The FRA is the organisation responsible for monitoring the protection of people’s fundamental rights in the EU. It has been examining the fundamental rights of those entering the EU for the European Commission in the seven countries most affected by the migrant crisis. In October 2016 the FRA published a summary of the key migration issues one year on from reporting, the results of which are outlined below. For more information, download ESN’s briefing on the refugee crisis here, which provides the perspective of local social service providers.
Safety & protection in facilities
The countries analysed by the FRA have various measures in place to ensure the safety and protection of vulnerable migrants in reception facilities. These include separate accommodation for women and families, psychological support, and female security personnel as well as other measures. However, most EU member states do not have specific mechanisms in place to prevent gender-based violence. For example, the German Ministry of the Interior recorded 128 attacks against women and children in German reception centres between January and September 2016.
As a positive example of protection, Sweden has succeeded in developing safe and sensitive procedures for LGBTI persons at reception facilities. The country has established three dedicated safe houses, introduced LGBTI certification in accommodation centres and implemented a ‘zero tolerance’ policy regarding discriminatory behaviour by staff.
Unaccompanied children seeking asylum must be provided with a guardian to help them in the asylum process and defend their rights. However, there are significant delays in the appointment of guardians (up to eight months in Italy). In Bulgaria, Greece and Italy authorities often start the asylum procedure without the presence of a guardian, while in Sweden, there are reports of guardians who are responsible for 50 children.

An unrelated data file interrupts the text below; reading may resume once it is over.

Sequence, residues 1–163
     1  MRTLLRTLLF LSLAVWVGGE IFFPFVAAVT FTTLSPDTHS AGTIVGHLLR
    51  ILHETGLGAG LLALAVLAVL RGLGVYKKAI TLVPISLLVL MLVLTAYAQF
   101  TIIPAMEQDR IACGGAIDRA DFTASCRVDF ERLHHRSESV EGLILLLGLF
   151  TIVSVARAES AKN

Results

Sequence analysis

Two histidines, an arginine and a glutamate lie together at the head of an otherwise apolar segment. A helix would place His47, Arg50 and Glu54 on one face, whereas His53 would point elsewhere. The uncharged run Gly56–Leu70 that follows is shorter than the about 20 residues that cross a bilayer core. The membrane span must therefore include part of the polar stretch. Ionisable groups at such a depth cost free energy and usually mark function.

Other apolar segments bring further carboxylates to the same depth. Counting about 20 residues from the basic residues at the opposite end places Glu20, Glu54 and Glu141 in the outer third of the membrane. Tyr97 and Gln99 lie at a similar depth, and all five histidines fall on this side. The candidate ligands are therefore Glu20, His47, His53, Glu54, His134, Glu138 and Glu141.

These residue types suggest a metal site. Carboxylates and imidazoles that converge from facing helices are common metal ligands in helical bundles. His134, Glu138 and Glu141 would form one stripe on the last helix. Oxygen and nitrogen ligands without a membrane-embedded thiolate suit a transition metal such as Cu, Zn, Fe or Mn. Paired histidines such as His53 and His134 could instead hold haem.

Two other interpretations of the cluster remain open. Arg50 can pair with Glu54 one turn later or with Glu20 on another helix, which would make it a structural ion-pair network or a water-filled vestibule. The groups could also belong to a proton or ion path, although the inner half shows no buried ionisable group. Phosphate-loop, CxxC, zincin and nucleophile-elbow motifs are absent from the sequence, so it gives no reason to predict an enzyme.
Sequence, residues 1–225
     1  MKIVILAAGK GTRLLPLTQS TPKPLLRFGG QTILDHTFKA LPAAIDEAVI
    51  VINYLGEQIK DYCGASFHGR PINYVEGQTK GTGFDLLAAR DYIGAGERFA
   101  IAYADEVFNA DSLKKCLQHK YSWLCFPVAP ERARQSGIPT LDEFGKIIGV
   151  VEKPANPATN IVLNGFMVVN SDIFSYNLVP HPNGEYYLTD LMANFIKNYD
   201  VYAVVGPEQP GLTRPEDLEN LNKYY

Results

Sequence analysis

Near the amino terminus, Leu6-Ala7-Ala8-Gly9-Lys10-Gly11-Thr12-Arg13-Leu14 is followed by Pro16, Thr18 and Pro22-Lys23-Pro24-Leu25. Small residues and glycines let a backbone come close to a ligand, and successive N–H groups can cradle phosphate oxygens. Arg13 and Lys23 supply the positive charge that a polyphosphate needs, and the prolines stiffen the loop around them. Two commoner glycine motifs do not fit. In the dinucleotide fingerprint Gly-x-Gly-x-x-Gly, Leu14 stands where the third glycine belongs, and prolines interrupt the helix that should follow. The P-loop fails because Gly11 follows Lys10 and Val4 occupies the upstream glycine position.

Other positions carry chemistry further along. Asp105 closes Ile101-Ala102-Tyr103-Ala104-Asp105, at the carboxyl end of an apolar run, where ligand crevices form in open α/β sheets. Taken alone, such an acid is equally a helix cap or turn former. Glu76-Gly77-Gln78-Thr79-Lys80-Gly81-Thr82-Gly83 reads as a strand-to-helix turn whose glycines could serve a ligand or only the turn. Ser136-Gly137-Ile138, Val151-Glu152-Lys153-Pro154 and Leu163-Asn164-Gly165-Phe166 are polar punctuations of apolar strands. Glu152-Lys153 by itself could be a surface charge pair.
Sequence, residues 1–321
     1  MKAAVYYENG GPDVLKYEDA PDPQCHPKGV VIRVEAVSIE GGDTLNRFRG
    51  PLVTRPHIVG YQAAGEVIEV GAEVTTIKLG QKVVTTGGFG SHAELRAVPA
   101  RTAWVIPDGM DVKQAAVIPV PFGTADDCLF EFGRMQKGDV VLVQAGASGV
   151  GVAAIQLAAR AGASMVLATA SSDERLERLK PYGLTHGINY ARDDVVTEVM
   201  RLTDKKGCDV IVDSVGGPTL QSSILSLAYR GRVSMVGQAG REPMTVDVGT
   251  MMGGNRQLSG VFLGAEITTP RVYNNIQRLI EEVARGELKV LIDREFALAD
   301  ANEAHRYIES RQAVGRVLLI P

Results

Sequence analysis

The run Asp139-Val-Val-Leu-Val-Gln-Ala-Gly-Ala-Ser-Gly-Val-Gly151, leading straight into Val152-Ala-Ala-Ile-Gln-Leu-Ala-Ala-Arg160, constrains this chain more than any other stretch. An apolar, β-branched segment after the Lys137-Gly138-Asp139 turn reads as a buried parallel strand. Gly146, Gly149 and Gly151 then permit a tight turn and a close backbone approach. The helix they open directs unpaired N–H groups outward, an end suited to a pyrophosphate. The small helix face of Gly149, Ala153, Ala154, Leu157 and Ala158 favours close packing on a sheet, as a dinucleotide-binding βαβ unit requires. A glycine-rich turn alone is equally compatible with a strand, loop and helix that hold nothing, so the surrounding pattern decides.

Progress has been made in improving the number of available accommodation places for unaccompanied children (fivefold increase in Sweden over 2016). Overall however, the number of places available in specialised facilities is still insufficient. As a result, many children remain in inappropriate and crowded first reception and transit facilities. According to the FRA, the majority of children who go missing are those placed in these inappropriate facilities.
Despite these problems, the FRA identified a promising example of an approach to protecting unaccompanied children. The city of Jönköping, Sweden, actively involves children in decisions on the design and implementation of policies concerning them, such as housing. The city is also conducting a long-term evaluation of their strategy using focus groups to monitor their progress.
Reaction of local people
ESN’s briefing revealed that in various countries there is a sense of enthusiasm among local people for volunteering in activities to help refugees.
However, FRA reports that there are also many racist incidents against refugees reported, some of which are very violent. Local vigilante groups have emerged with an anti-refugee agenda. In Hungary, there are cases of refugees who try to cross the border from Serbia being captured by these groups before being beaten and turned back to Serbia.
Worryingly, there is endorsement for this type of behaviour from some national governments. The Hungarian government has maintained a media campaign which degrades refugees and portrays them as terrorists. The Bulgarian Prime Minister meanwhile, has thanked vigilante groups for detaining refugees at the border.
The FRA observes that in many of the countries victims are afraid to report to the police because of distrust and possible implications for their asylum application.
Overall, the FRA reports that despite progress being made since the start of the migrant crisis, the fundamental rights of migrants are often not translated into practice. ESN’s own briefing echoes many of the FRA’s concerns, specifically regarding the protection of unaccompanied children. In addition, ESN highlights housing, language training and staff training as the main challenges for local services.